Mel was incredulous – she told him off for accusing her of not listening to him and of lying that he had told her about his university acceptance. She asked him why he hadn’t even told her that he’d intended to apply. In truth she didn’t really believe that he had applied. She made it clear that she was angry that he’d tried to belittle her success. She made it clear too that if he didn’t like her family he should find somebody else – a girl from a more working-class background. When they parted for the afternoon, the tension between them had still not been resolved and they made no arrangement to meet again.
As she walked home, Mel was seething and remembering what Stacy had said to her. Even if Craig were to apologise and they were to get back together, she’d be monitoring his behaviour.
When she got back, she found that her family had, similarly, not been pleased by Craig’s behaviour and asked what she saw in him. She thanked them better frame of mind to face her new job the following morning.
The camera shop – Induction
Mel woke early on the Monday morning. As she got out of bed, she remembered that it would be her first full day at work in her new job at the shop. Her stomach lurched with anxiety. This was a big deal, quite different from a few hours a week of casual work behind a bar. A different employer, different systems, different people and different skills to develop.
The job wasn’t what she’d been looking for, but for the time being it was the only job she’d come across in more than two years of looking that at least had some relationship to photography. It would be up to her to make it work for her benefit. She wondered what they’d expect of her.
She showered and got ready quickly and went downstairs for breakfast. She could hear from the hallway that dad were already in the kitchen finishing their meal. She paused to check her appearance in the hall mirror, appraising her face with its neat straight nose, blue-grey eyes and full lips. Her hair was swept back from her face and secured in a ponytail by a colourful scrunchie. The evening before, Mel had carefully considered what outfit she’d wear for its suitability to her expectations of the job and, in the mirror, it looked fine on her tall athletic body. She headed for the kitchen.
‘How are you feeling, love?’ her mum asked, ‘Worried?’
‘A bit,’ she admitted.
Her dad assured her that she’d be fine. He knew the people at Hannays’ and they were a friendly lot. They’d soon make her feel at home. She felt reassured and managed to eat her breakfast before leaving for the day, buoyed by her parents assurances and best wishes.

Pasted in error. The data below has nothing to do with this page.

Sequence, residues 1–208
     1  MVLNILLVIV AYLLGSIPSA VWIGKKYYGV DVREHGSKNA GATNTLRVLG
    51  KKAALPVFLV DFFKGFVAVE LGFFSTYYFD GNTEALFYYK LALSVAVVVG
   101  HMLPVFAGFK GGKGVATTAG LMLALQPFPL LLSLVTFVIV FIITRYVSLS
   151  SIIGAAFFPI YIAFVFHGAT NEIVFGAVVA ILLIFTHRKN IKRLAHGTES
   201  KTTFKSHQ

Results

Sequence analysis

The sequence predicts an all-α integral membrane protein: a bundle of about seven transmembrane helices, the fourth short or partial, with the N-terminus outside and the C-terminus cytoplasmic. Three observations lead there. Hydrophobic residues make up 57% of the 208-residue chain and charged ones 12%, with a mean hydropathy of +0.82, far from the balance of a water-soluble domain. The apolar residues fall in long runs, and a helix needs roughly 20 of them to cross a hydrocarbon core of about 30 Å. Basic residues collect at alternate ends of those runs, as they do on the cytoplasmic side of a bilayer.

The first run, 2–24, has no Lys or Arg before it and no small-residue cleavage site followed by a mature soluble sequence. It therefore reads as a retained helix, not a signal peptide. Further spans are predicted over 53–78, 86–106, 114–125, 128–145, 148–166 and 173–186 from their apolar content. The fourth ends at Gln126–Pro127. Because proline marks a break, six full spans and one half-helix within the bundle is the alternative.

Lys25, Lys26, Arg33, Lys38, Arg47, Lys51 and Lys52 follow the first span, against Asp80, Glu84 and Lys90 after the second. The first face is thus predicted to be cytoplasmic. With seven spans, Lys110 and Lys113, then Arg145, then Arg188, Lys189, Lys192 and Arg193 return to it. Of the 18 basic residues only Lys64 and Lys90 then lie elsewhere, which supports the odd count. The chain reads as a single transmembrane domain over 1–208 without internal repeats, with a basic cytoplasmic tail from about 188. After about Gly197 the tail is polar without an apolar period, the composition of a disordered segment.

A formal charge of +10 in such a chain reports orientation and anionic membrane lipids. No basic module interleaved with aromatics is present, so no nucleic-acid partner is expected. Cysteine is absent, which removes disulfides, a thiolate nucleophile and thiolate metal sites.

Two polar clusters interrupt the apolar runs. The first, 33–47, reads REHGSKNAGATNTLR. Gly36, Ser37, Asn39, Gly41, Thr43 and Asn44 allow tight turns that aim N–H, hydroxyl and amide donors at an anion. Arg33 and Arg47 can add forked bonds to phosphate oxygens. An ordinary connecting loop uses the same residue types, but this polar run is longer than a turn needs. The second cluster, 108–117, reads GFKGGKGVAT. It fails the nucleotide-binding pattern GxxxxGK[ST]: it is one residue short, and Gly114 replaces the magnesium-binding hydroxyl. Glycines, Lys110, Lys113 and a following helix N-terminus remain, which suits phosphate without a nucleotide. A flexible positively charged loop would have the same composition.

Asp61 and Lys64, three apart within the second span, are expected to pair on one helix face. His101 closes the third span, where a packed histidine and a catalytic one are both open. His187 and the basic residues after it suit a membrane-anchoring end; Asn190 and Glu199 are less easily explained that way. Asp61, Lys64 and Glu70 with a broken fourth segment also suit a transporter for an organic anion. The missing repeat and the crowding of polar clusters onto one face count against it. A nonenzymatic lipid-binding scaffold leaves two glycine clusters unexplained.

Her mum gave her a lift into the town.
Codmanton town centre was a quirky mixture of old and new. The coal mines were now closed, as was the old gasworks that stood on the edge of the town. Many older buildings bore the black staining of chimney-smoke and coal dust on their quarried stone walls.
New, smaller businesses, built with red bricks and glass were interposed beside and among them. Apartment blocks – some private, some built by the Council – had replaced most of the old, town-centre terraced cottages. Some of the old miners’ cottages still existed at the Southern end of the town, rising in steep, narrow rows towards the hills..
A mile South of the town centre, the Leeds to Liverpool canal passed, accompanied on its journey by the railway line that had stolen most of the cargo it once carried.
The High Street itself ran North through the town. Along, and around it, stood an ancient church, the Town Hall, municipal buildings and a commercial area. The former department stores had now decamped to a largish retail park at the North end of the town, off the High Street, as it climbed on its way to neighbouring Croxton.
What was left of the former shopping area was mainly small independent shops – some along the high street; some in a small precinct; some really old shops in the up-market arcade; and the remainder in narrow alleyways, or ginnels. There were a few restaurants, a cinema and a theatre still, but the town centre as a whole, looked as if it’s dying on its feet.
A pub and a betting shop stood across the street from a Christian bookshop, charity shops and an upmarket clothes shop.
Hannays camera shop stood just off the High Street in the precinct of newish shop premises. The Hannay family had traded in the town since Jamie’s great grandad had sold cameras from a market stall in 1947, moving to a shop in the High Street in the mid-1950s. The move to the precinct had only happened in the 1990s to escape the escalating costs of trading. Like many small local businesses, the Hannays had been trapped between the hammer of rent rises and punitive council taxes on the one hand and the anvil of reduced income as unemployment worsened.
The photo that I’ve chosen today is the fourth of the series that I’ll be posting in this part of my daily blog in this part of the page. As I said previously, the series is based on a walk that I did on the 19th April along the bank of the Leeds to Liverpool canal between Burscough Bridge and the ‘Ring O’Bells’ pub just over a mile away. I did the walk in both directions, accompanied by my daughter’s dog, Ted. I’ll start with a shot I took at Burscough Bridge wharf.
The image shows the canal approaching, after some canal boats, a bridge above another section of canal, at which point the Rufford branch of the canal departs (or joins) to the left. The EXIF data are as follows: Camera used was my 24 MP Pentax KP cropped sensor camera paired with a Pentax 28-105 mm f/3.5-5.6 full-frame lens. The shutter speed was 1/125 secs @ f/8 and 88 mm. The ISO was 100. The shot was handheld.